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40th Commemoration of the Soweto Uprisings Mathole Secondary School

photoSpeech by the Honourable Deputy Minister of the Department of Telecommunications and Postal Services, Honourable Prof. Hlengiwe Mkhize

During the Occasion of
40th Commemoration of the Soweto Uprisings

Mathole Secondary School
17 June 2016

Theme: Youth Moving South Africa Forward: “Rural Youth Skills for Economic Inclusion”

Mr H Nkosi – Mathole Secondary School Principal;
Councillor Ester Qwabe – Deputy Mayor, Zululand District Municipality;
Cllr M.J Ntshangase – Deputy Mayor, Ulundi Local Municipality;
Councillor Ngcobo – Ward 6 Councillor;
Mr JM Mtshali – Deputy Inkosi, Buthelezi Royal House
Mr MK Buthelezi – Deputy Inkosi, Buthelezi Royal House
Councillor Mlambo – Ulundi Local Municipality Speaker
Cde Victor Dlamini – ANC Regional Secretary (Abaqulusi)
Cde Dubazane – ANC Sub-Regional Secretary ( Ulundi)
Mr Khakalethu Tshaka – Vodacom, school connectivity Manager;
Mr. Arthur Makhuvha – Finance Manager, MTN SA Foundation Mr. Lesimola Selepe – MTN SA Foundation
Mr. Tirron Moleko – South African Post Office

I greet you all!


Programme director allow me to first start by thanking all our stakeholders who heeded to our call when we said to them, there is a school in deep rural areas of Mahlabathini that we need to support. A very special thank you goes to tomorrow’s leaders, our disciplined learners who never said that government gave us a long weekend but against all odds made it a point to come and welcome what government has to offer them. To all of you young people present today, you already possess one of the qualities that will make you a great achiever in life, persistence. Keep it up!

By today, I am sure that all of us gathered here today we know that in South Africa, the entire month of June is celebrated as a youth month. During the Youth Month, we pay tribute to the school pupils who lost their lives during the 16 June 1976 Soweto Uprisings. This years’ celebrations are special in that it is the 40th anniversary of the Soweto uprising where more than 15 000 students gathered at the Orlando West Secondary School with the intention of participating in a peaceful march to the nearby Orlando Stadium were attacked by the police and armed forces.


The Youth of 1976 Struggles and the Youth of 2016 Struggles

As the youth of the present day South Africa you should be asking yourselves a lot of questions about this day or this month of June. What are we celebrating and why are we celebrating? What was so special about the youth of 1976? How was their leadership and aspirations?
During their time, there was a whole lot of things which they could have protested for as young people, but they protested against Afrikaans being used as a medium of instruction. What are your challenges today apart from “fees must fall”?


Technological Revolution

The world has changed dramatically since 1976, you have new set of challenges, and one of these is technological change. This to a larger extend affects your learning, it can be for good or for worst depending on your reception.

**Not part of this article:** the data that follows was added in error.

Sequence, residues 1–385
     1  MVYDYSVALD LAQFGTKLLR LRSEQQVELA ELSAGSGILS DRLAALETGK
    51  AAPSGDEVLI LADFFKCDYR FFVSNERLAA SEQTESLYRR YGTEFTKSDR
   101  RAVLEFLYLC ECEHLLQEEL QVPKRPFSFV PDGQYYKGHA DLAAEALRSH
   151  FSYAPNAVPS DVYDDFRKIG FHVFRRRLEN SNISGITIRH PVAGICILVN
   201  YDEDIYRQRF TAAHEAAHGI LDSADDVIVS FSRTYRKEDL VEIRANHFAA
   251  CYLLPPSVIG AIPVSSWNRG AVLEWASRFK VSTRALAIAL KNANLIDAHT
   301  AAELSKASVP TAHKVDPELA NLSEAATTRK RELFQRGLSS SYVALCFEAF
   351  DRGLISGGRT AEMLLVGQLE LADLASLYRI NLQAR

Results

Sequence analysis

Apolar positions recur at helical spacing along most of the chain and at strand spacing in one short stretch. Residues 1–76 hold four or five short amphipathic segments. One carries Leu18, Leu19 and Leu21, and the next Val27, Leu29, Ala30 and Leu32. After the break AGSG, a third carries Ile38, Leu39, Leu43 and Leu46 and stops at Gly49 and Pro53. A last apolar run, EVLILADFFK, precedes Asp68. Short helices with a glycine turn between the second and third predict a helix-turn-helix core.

The provincial unemployment rate for Kwa-Zulu Natal was recorded at 20,4% in the third quarter of 2015. This is a 3,2 percentage points decline from the figure of the second quarter which was recorded at 23,6%. This is a clear indication that government’s efforts of improving the livelihood of people in rural and semi-urban areas is coming to fruition.
Perhaps coming from Ulundi Local Municipality is a disadvantage and an advantage at the same time. The fact that you are away from major towns and cities is a disadvantage. The advantage is that, government puts more emphasis on servicing the rural and the semi-urban areas. This brings opportunities to your neighbourhood.

We are part of the revolution that is driven by fast speed internet broadband access. The Department has a specific mandate which focuses on the radical socio-economic transformation of our society using ICTs to deal with the effects of structural challenges of unemployment, inequality and poverty left behind by the legacy of apartheid.
We are working on multiple interventions to ensure an inclusive access and affordability of the Internet. Prior to our national broadband rollout project, it was discovered that the ICT market structure was inefficient, costly, duplicates infrastructure in urban areas and could not roll-out ICT infrastructure and services to reach all South Africans in line with the long term vision of a connected society.


Schools Connectivity Programme

Our programme of connecting schools is an ongoing programme whereby we identify rural schools establish computer laboratories for them and connect them to the internet. Since the announcement made by the President of our country Honourable Jacob Zuma, our focus has now been to the eight districts that he identified as the first priority for broadband roll-out. He said: “The year 2015 will mark the beginning of the first phase of broadband roll-out. Government will connect offices in eight district municipalities.
These are Dr. Kenneth Kaunda in North West, Gert Sibande in Mpumalanga, O.R. Tambo in the Eastern Cape, Pixley ka Seme in the Northern Cape, Thabo Mofutsanyane in the Free State, Umgungundlovu and Umzinyathi in KwaZulu-Natal, and Vhembe in Limpopo.”

One will notice that the eight districts listed above excludes Gauteng and the Western Cape provinces which have already gone far in terms of broadband rollout. We have set out plans for the implementation of digital opportunities programmes in the NHI pilot sites to ensure that residents in these areas are able to benefit from the rollout of broadband infrastructure.